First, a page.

The death of Payá and the broader campaign of repression against Cuban activists are troubling enough. But for U.S. officials hoping to abolish or ease sanctions, the elephant in the room is the ongoing detention of USAID contractor Alan Gross, a Maryland resident who has been held in a Cuban prison for more than three years on ridiculous espionage charges. It is hard to argue that Havana either deserves or desires warmer relations with Washington when it continues to hold an American hostage. Gross, who turns 64 in May, has seen his health deteriorate, and has reportedly lost more than 100 pounds since his incarceration.

His only “crime” was to help boost Internet access for Cuba’s tiny Jewish community. But the Castro regime fears greater Internet access because it fears losing its monopoly on information. It fears that Cubans will become more willing to challenge the status quo and demand real reforms. And, indeed, that is exactly what’s been happening. As dissident-blogger Yoani Sánchez told the Post last month, “People are losing their fear, moving from silent to open, from wearing a mask to showing their real face in public.” Havana’s growing concern over political unrest explains the imprisonment of Gross, and the crackdown on the Ladies in White, and the harassment of activists across the island.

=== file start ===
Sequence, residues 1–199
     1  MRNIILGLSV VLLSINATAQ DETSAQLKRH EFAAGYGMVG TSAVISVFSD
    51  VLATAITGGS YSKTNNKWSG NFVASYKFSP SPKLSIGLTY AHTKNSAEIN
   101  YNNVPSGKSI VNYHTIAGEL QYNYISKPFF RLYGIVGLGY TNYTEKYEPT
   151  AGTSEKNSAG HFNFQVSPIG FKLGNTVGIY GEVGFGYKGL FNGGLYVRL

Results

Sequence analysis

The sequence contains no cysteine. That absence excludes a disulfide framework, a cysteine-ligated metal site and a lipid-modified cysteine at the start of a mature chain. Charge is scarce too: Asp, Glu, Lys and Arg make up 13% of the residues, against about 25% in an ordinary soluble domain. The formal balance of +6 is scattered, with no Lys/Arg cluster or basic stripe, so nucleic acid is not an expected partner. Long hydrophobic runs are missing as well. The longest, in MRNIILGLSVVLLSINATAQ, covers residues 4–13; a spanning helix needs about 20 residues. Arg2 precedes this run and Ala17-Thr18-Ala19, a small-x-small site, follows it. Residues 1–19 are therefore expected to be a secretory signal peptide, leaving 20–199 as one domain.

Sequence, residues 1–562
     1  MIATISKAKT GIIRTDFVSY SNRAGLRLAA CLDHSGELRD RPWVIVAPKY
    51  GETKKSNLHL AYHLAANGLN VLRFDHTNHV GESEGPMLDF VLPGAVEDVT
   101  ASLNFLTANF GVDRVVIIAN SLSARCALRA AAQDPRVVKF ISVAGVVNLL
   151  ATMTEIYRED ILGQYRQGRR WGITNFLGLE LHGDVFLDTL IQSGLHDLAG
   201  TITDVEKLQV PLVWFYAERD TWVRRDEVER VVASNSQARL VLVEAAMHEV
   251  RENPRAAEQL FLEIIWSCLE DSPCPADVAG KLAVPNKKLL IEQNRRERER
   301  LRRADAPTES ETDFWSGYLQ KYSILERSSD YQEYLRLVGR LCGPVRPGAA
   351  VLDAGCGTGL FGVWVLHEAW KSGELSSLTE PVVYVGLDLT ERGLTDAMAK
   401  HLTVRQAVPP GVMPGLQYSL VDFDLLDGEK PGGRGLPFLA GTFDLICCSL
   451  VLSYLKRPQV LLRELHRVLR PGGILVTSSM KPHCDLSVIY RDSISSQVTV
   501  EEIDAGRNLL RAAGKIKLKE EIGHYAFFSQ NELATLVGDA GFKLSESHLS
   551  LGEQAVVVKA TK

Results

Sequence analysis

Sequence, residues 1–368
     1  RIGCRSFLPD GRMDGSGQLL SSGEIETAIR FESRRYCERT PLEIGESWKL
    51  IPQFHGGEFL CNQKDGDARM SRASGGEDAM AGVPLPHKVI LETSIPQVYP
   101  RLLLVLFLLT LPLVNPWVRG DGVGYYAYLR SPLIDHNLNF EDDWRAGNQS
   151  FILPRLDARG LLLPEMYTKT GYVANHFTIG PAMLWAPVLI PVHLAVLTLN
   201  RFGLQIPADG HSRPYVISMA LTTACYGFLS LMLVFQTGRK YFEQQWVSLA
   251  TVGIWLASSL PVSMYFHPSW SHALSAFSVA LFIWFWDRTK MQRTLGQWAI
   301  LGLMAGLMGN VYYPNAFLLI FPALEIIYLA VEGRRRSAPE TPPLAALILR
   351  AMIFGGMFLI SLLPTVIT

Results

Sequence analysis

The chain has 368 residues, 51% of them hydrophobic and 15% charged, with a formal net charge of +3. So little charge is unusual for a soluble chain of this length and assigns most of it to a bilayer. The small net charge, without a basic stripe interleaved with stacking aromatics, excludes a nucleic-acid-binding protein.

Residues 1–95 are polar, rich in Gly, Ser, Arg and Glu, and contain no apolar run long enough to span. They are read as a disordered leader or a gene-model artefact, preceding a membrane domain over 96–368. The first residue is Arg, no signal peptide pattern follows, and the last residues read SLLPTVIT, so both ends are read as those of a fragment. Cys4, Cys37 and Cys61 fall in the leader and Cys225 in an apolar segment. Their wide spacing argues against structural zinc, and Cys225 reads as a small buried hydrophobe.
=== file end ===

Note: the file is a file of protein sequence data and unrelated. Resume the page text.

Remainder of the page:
Simply put: Cuba is becoming more repressive because the dictatorship is increasingly afraid of a homegrown democracy movement. That would seem to be a much bigger story than a few cosmetic economic reforms designed to keep the regime in power.

Appearing last month on Spanish television, Rosa María Payá said that Raúl’s reforms are mainly a PR stunt, and not a serious attempt to improve human rights. They “are designed to win over international public opinion,” she said. “The conditions Cubans live in has not changed.” If the Castro regime is truly serious about reform and liberalization, Payá added, it will allow a nationwide referendum on democracy — the type of referendum called for by her father’s Varela Project. The government’s refusal to hold such a referendum shows just how little Cuba has actually changed.